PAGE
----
TABLE OF CONTENTS

PRINT December 2022

TOP TEN

Johanna Fateman is a writer, art critic, and musician in New York. She is a contributing editor of Artforum and writes art reviews regularly for the New Yorker and 4Columns. After a seventeen-year hiatus, her band Le Tigre will tour in 2023.

Yvonne Rainer, Hellzapoppin’: What about the bees?, 2022. Performance view, New York Live Arts, October 5, 2022. Brittany Engel-Adams. Photo: Maria Baranova.

1
YVONNE RAINER, HELLZAPOPPIN’: WHAT ABOUT THE BEES? (NEW YORK LIVE ARTS/PERFORMA, NEW YORK)

At the core of this self-implicating inquiry into anti-Black racism was a choreographic unpiecing of a dance performed by Whitey’s Lindy Hoppers in a 1941 movie. Rainer announced Hellzapoppin’ as her last work, but the radical antivirtuoso refused the fanfare of a grand finale, instead leaving us with one more searching procedural performance—text, film, and movement together—emblematic of the mind-body rigor of her long, great career.

2
“JUST ABOVE MIDTOWN: CHANGING SPACES” (MUSEUM OF MODERN ART, NEW YORK; CURATED BY THOMAS [T.] JEAN LAX WITH LILIA ROCIO TABOADA IN COLLABORATION WITH LINDA GOODE BRYANT AND MARIELLE INGRAM)

You could say this exceptional historical exhibition, an homage to and reactivation of the eponymous New York Black art space of the 1970s and ’80s, is overdue. But it doesn’t come too late to include accompanying performances by some of the brilliant figures nurtured by JAM and its founder, Linda Goode Bryant. I can’t wait for the new piece by Senga Nengudi Fittz and Kaylynn Sullivan TwoTrees, slated for the final weeks of the show.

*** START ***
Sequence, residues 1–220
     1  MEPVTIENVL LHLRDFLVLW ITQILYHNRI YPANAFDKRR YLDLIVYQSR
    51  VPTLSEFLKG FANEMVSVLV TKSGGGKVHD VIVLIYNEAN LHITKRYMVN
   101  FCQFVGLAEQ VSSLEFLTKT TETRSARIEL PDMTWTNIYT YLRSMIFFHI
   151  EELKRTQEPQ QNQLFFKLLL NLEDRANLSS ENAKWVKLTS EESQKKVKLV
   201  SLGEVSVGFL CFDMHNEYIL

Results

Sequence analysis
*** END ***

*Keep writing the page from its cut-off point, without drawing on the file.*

On view through February 18, 2023.

Opening of “Synthesis,” Just Above Midtown, New York, November 18, 1974. Barbara Mitchell (center right) and Tyrone Mitchell (far right). Photo: Camille Billops.

3
LORENZA BÖTTNER (LESLIE LOHMAN MUSEUM OF ART, NEW YORK; CURATED BY PAUL B. PRECIADO)

A dancer, painter, and public performer, the trans Chilean artist, who lost both arms in a childhood accident, put her joyfully embodied self-concept at the center of her astonishing work. “Requiem for the Norm,” curated by Paul B. Preciado, showed the scope of her liberatory practice with context and in detail. A gift.

Lorenza Böttner, untitled, 1982, gelatin silver print, 14 × 11".

4
VINCENT VAN GOGH AND JUST STOP OIL ACTIVISTS (NATIONAL GALLERY, LONDON)

I don’t love museum food-throwing as a trend—high risk, diminishing returns—but the fiery haze of tomato soup on the glass of the modern master’s vision in margarine and chartreuse won my heart. The valiant young protesters showed the world what’s valued and protected by the powerful and, of course, what’s not. The photo-ready detournement was always intended to be temporary. The tagline “No art on a dead planet” is a dire warning, not a vandal’s threat.

Just Stop Oil activists Phoebe Plummer and Anna Holland after throwing soup on Vincent van Gogh’s 1888 Sunflowers, National Gallery, London, October 14, 2022. Photo: Just Stop Oil.

5
JASON ALLEN (COLORADO STATE FAIR, PUEBLO)